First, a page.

IRP researchers create single-cell atlas of the placenta during term labor

An atlas revealing the activity of individual placental cells during childbirth offers insight on what happens at the maternal-fetal interface during term labor, according to a study supported by the National Institutes of Health (NIH). The atlas provides a single-cell analysis of the human placenta and its surrounding membranes and is the first to use this method to understand the communication that occurs between maternal and fetal cells during the process of labor. Studying these processes aids understanding of typical labor and delivery at term, as well as preterm labor and delivery, which occurs before 37 weeks of pregnancy and is a leading cause of infant death and long-term disability. The work, led by researchers at NIH’s Eunice Kennedy Shriver National Institute of Child Health and Human Development (NICHD), is published in the latest issue of Science Translational Medicine.

The study team created the placental atlas by using single-cell RNA sequencing (also called single-cell transcriptomics), which examines the activity and signaling patterns of individual cells. The atlas, which is based on samples from 42 term pregnancies, describes changes in gene expression patterns among the different cell types in the placenta and its surrounding membranes, which include both maternal and fetal-derived cells.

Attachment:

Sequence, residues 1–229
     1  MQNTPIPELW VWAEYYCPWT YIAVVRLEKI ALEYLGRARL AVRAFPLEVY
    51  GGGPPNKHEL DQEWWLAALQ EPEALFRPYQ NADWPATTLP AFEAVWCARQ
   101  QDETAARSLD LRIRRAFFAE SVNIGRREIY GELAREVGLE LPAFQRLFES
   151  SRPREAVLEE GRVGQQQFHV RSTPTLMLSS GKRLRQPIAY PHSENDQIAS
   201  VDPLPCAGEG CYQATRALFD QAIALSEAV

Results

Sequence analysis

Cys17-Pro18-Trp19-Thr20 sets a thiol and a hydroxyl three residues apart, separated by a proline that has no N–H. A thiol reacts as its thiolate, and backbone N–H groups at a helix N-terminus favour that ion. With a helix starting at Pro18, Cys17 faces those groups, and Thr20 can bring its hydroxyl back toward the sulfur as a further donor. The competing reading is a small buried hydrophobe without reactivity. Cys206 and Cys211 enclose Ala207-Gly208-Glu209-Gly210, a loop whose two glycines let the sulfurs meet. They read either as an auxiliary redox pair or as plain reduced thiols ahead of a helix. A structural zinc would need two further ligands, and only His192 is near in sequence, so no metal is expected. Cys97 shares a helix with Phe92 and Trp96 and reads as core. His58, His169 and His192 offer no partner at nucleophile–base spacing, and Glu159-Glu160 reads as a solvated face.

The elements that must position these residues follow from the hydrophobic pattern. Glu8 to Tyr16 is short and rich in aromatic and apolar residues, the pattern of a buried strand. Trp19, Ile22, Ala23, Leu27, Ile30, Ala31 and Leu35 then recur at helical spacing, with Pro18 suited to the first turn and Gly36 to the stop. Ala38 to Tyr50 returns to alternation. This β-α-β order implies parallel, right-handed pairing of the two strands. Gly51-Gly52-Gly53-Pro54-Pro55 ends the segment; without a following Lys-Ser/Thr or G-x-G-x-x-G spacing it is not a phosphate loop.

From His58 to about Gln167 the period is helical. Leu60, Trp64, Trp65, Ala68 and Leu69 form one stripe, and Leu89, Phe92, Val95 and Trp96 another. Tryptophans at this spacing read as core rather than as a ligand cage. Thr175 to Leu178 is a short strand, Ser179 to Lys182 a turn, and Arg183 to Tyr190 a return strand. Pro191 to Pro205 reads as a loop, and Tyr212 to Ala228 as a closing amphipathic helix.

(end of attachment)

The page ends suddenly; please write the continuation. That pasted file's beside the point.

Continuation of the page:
The researchers found that cells most affected by labor were in the chorioamniotic membranes, which surround the fetus and rupture as part of the labor and delivery process. They also found that fetal stromal and maternal decidual cells were particularly active in generating inflammatory signaling. These findings are consistent with previous research showing that inflammation (unrelated to infection) is important for sustaining labor.

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This page was last updated on Wednesday, January 10, 2024